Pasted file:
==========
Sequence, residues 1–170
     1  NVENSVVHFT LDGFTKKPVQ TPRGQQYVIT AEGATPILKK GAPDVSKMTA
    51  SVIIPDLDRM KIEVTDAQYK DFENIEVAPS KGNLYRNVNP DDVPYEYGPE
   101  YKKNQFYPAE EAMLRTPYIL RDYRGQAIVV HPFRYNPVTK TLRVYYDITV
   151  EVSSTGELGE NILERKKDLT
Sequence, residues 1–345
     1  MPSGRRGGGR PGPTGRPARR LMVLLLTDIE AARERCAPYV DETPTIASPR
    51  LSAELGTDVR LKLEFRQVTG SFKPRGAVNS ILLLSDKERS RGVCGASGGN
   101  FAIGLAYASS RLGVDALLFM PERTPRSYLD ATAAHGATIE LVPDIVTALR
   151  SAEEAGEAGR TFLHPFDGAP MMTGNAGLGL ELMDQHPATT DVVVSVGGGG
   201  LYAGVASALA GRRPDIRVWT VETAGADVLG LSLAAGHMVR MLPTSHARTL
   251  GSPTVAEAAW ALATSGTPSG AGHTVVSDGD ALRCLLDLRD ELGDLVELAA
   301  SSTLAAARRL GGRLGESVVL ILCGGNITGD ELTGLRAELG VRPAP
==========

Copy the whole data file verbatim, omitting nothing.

Sequence, residues 1–170
     1  NVENSVVHFT LDGFTKKPVQ TPRGQQYVIT AEGATPILKK GAPDVSKMTA
    51  SVIIPDLDRM KIEVTDAQYK DFENIEVAPS KGNLYRNVNP DDVPYEYGPE
   101  YKKNQFYPAE EAMLRTPYIL RDYRGQAIVV HPFRYNPVTK TLRVYYDITV
   151  EVSSTGELGE NILERKKDLT
Sequence, residues 1–345
     1  MPSGRRGGGR PGPTGRPARR LMVLLLTDIE AARERCAPYV DETPTIASPR
    51  LSAELGTDVR LKLEFRQVTG SFKPRGAVNS ILLLSDKERS RGVCGASGGN
   101  FAIGLAYASS RLGVDALLFM PERTPRSYLD ATAAHGATIE LVPDIVTALR
   151  SAEEAGEAGR TFLHPFDGAP MMTGNAGLGL ELMDQHPATT DVVVSVGGGG
   201  LYAGVASALA GRRPDIRVWT VETAGADVLG LSLAAGHMVR MLPTSHARTL
   251  GSPTVAEAAW ALATSGTPSG AGHTVVSDGD ALRCLLDLRD ELGDLVELAA
   301  SSTLAAARRL GGRLGESVVL ILCGGNITGD ELTGLRAELG VRPAP